VENTNOR – The Board of Commissioners is considering using a rarely used method to issue its next liquor license.
According to Commissioner Lance Landgraf, using the historical method would provide the commissioners with more control over who gets the license.
Voters approved a referendum in November 2016 allowing the city to issue up to three plenary retail consumption licenses. The city used the traditional public bidding method for its first license. After initial offerings produced not bidders at the $100,000 minimum bid amount, the commissioners reduced the minimum bid to $75,000.
On May 24, the board awarded the bid for the first license to former Ventnor resident Blake Barabuscio of Ventnor Ave Pizza, Inc., who has plans to open a Santucci’s Square Pizza restaurant at the site of Arrow Hardware on Ventnor Avenue.
Brett DeNafo, owner-operator of the Harbor Square Theater and Burger Bar in Stone Harbor, who intends to turn the Ventnor Twin movie theater on the 5200-block of Ventnor Avenue into a “boutique theater” and restaurant, picked up a bid packet prior to the bidding deadline on May 4, but did not submit a bid.
Barabuscio’s bid was $77,100. He will be required to comply with all NJ Alcohol Beverage Control regulations and pass state and federal background checks before the license will be issued.
According to the city’s ordinance, he will have 24 months to open his restaurant, but Barabuscio said previously that he intends to open by next summer.
The historical method requires the city to “advise” its intent to issue a license and accept applications from interested parties, who will be “evaluated” at a public meeting.
Commissioners can consider factors such as intended use, location, traffic, aesthetics, proximity to churches and schools, land use provisions, ratable impact, community needs, parking, business experience, etc. The license can then be awarded to the applicant whose proposal is determined to be in the “best public interest,” according to the Municipal Clerk handbook published by ABC.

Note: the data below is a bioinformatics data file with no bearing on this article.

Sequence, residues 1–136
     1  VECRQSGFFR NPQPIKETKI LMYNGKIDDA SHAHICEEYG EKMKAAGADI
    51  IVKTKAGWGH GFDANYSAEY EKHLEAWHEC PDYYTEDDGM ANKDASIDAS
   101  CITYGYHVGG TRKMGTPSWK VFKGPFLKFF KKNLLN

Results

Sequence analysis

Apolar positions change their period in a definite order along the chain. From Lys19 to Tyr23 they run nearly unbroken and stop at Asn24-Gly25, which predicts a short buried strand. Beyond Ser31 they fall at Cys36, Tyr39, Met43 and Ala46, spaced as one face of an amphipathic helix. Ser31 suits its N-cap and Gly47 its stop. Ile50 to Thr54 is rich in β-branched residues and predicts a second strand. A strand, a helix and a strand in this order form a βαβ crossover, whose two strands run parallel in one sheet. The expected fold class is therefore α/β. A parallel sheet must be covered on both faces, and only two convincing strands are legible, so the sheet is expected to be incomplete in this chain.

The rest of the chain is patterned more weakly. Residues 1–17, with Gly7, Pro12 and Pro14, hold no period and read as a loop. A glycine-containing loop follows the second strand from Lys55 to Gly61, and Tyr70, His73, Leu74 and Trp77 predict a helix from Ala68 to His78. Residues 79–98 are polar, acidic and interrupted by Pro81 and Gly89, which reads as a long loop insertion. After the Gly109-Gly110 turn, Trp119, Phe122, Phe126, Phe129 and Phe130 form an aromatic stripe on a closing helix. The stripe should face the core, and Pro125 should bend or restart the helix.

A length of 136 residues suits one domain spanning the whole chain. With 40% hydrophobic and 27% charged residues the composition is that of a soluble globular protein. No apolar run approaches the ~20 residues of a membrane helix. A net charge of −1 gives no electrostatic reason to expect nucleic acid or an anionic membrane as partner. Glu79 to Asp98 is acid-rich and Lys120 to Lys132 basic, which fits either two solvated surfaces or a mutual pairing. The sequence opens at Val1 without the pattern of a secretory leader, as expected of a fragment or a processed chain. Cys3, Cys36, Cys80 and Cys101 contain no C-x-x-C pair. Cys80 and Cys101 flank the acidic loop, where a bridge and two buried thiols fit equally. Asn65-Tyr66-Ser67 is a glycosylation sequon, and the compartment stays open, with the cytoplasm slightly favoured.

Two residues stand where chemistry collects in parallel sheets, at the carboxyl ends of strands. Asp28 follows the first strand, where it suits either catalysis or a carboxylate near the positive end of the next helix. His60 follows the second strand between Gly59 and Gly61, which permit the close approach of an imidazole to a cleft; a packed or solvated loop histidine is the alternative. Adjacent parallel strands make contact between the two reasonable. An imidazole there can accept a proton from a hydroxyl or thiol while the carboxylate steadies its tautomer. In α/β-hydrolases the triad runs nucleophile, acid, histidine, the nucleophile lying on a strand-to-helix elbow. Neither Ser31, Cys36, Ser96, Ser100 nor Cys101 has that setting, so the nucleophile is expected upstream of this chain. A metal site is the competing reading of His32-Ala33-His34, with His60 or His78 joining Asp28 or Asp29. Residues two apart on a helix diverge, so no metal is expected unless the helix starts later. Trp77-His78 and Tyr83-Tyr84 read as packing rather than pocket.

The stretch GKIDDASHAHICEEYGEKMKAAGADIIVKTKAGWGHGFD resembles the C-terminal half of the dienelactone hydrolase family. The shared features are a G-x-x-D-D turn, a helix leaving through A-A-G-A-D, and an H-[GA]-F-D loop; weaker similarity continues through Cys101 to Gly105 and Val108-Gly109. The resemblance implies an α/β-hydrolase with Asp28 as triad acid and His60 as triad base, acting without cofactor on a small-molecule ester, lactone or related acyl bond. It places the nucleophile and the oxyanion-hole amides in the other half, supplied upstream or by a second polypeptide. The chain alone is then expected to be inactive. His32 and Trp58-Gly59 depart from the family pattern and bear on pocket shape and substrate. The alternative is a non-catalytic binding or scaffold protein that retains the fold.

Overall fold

The commission is likely to approve a resolution at its June 14 meeting indicating its intent to issue the license using the historical method and setting a deadline to receive applications. The city will be required to advertise in the newspaper twice before holding the public hearing. The city would then have six months to award the license or begin the process all over again.
Any appeals involving the issuance or non-issuance of the license would be heard by the director of ABC.
“It’s not a bidding situation, you set the price…and there is no limit on the number of people that can come forward and request they be given the license,” Solicitor Tim Maguire said.
Landgraf said the historical method would allow the commissioners to “vet” applicants and thoroughly review their business plans.
“It’s similar to an RFQ (request for quotes),” Landgraf said. “It’s more qualitative.”
The board discussed the minimum amount for the second license.
Commissioner Tim Kriebel said the previous bidder set the market rate for a license in Ventnor and he recommended it be $77,100.